Inability to create a work-life balance, being ‘over available’ to clients who tend to cling to them, the suppressed guilt of not being able to do enough, the lack of resources to manage mental healthcare requirements… the list of burnout causes run long.
Over and above, in a pandemic year, the problems have been exacerbated like never before especially since the therapist and the client would have essentially been facing the same issues. “I have definitely seen a rise in loneliness, depression, anxiety, post-traumatic stress and eating-related difficulties during the past 18 months. The toughest part about being a therapist during
the Covid-19 pandemic is knowing that there is such a need, yet you can only see so many people and only do so much,” says Catherine adding that as a psychologist working with children, she missed seeing them and using play-based strategies to support them at this tough time. Similarly, Kanchan recalls that in the first three months of lockdown in early 2020, nearly 2,800 new clients approached her platform, a number that peaked as the months passed. “Among all my cases, around 40 per cent pertained to grief counselling,” she says.
Most importantly, the pandemic took away distraction techniques that people commonly used for combating stress. “Work and socialising are techniques of distraction. With the lockdowns, the distraction techniques were taken away and suddenly you were stuck with your feelings and nowhere to go,” says Anne. “So you were forced to face your traumas.” The indirect impact: longer queues at counsellors’ clinics.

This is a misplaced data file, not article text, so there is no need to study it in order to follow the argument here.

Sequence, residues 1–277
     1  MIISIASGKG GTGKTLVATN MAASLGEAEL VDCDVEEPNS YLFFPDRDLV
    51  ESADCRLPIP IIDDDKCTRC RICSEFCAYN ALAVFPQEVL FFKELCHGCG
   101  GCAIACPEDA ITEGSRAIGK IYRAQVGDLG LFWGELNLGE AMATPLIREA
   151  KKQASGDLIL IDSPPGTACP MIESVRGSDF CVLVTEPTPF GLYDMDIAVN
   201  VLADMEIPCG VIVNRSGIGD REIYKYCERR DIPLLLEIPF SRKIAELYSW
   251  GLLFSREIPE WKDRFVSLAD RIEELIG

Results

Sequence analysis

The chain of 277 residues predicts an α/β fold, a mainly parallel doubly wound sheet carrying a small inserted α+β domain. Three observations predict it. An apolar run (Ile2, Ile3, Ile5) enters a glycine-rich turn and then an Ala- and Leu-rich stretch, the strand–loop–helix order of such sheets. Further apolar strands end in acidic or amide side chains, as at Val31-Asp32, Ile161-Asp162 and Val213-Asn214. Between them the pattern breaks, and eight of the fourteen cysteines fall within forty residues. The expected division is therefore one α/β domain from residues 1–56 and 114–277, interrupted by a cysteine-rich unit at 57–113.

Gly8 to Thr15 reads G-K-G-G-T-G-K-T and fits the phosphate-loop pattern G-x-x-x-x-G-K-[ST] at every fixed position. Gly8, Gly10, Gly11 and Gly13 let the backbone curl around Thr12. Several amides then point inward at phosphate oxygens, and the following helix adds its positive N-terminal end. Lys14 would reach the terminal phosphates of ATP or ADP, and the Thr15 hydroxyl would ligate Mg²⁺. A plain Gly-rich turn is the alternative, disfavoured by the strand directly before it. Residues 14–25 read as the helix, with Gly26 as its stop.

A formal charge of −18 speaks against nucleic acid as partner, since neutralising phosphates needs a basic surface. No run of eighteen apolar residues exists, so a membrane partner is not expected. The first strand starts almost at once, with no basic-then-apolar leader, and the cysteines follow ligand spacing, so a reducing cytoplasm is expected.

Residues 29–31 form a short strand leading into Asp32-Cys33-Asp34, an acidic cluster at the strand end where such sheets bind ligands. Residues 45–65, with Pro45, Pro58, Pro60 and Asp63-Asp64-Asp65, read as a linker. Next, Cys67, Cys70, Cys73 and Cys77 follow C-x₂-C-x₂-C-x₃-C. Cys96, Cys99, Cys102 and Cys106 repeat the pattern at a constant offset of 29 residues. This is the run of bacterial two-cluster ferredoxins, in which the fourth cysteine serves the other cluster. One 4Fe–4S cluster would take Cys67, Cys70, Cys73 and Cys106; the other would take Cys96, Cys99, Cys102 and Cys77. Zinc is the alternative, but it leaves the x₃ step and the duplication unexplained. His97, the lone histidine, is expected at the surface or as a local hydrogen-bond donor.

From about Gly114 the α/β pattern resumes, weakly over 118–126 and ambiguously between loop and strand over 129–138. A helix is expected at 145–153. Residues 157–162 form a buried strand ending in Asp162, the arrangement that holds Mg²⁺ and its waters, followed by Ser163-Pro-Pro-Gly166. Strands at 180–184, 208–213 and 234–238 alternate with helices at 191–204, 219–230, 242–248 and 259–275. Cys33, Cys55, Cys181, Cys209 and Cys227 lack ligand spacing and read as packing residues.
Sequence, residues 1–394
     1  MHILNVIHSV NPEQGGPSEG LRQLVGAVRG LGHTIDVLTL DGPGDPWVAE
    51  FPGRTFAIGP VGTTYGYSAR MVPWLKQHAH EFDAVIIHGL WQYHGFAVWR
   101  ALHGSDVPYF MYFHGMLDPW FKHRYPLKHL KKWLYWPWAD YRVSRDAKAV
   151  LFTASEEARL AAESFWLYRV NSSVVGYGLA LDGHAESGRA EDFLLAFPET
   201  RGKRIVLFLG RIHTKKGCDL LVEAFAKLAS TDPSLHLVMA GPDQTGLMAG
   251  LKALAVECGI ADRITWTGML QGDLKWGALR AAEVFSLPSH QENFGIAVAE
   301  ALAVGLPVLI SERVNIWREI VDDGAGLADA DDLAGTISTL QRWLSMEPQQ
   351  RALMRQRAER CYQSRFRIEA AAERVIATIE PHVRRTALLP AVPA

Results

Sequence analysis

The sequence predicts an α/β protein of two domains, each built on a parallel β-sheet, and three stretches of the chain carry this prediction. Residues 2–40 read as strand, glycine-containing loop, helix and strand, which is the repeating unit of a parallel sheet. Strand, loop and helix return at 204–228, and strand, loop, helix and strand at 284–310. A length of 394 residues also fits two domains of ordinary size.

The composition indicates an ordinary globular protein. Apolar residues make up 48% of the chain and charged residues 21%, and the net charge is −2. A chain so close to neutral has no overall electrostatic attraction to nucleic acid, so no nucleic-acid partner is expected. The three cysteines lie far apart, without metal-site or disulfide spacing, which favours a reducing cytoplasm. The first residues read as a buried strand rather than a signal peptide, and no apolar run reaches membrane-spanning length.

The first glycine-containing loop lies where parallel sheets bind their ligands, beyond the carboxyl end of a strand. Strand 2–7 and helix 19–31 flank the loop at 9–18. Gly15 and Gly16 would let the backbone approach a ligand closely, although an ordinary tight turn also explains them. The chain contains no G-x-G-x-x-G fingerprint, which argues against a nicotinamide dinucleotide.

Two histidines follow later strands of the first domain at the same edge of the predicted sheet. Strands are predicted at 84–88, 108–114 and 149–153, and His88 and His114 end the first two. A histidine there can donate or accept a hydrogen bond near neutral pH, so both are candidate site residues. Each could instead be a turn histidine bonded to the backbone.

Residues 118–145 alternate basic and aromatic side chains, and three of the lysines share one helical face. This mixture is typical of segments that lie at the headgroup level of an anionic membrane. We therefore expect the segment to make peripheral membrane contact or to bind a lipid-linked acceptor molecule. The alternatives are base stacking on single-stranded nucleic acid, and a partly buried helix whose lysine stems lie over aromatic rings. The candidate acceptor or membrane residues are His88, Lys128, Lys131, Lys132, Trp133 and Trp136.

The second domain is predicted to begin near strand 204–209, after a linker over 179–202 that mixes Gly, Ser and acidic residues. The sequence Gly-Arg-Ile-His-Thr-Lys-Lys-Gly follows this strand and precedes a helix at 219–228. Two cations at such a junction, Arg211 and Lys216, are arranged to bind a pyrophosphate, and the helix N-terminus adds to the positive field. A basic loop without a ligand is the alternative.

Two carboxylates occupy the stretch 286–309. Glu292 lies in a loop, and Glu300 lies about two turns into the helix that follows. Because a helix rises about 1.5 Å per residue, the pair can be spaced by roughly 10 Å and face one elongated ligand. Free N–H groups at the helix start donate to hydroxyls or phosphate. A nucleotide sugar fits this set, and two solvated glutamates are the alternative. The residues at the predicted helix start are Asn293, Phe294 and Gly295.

It can be an exhausting routine (most therapists this writer spoke to admitted to seeing four to five or perhaps more patients a day), but there has perhaps never been a more crucial time for mental health practitioners to take care of their own sanity. From small but important steps like practising mindfulness, keeping the therapy space separate from other activities, exercising and dieting to seeking counselling for themselves, healing oneself has become a top priority for many.
As Anne says, “I have been taught to jump into my client’s shoes and walk along with them. But when they leave, I jump out. If I
worry about their problems, I am going to burn out and won’t be able to do my job. You have to teach yourself not to worry, there is no other way.”
The most important self-care mechanism reiterated by all experts is the need to have a mentor or support system. The concept of ‘coaching the coach’ might sound odd for a layperson but it’s the supervision by a superior or a trusted peer that acts as a shield to protect a therapist from getting overwhelmed by the barrage of negative energy he or she is exposed to. “I attend regular clinical supervision with a senior psychologist and additional peer supervision groups to help me reflect on the work I do with clients. Secondly, like all clinical psychologists, I am required to attend training each year to help refresh my skills and keep up to date on the latest developments. I have learnt to be self-reflective and therefore I regularly ‘check in’ with myself to understand how I am and what I might need to look after myself,” says Catherine. Anne adds she meets her therapist once a month, even if there is nothing dramatic to discuss. “I just talk to her and let it all out! I also surround myself with well-balanced, non-judgmental friends who do not drain my energy. I don’t surround myself with friends who may need me as a therapist.”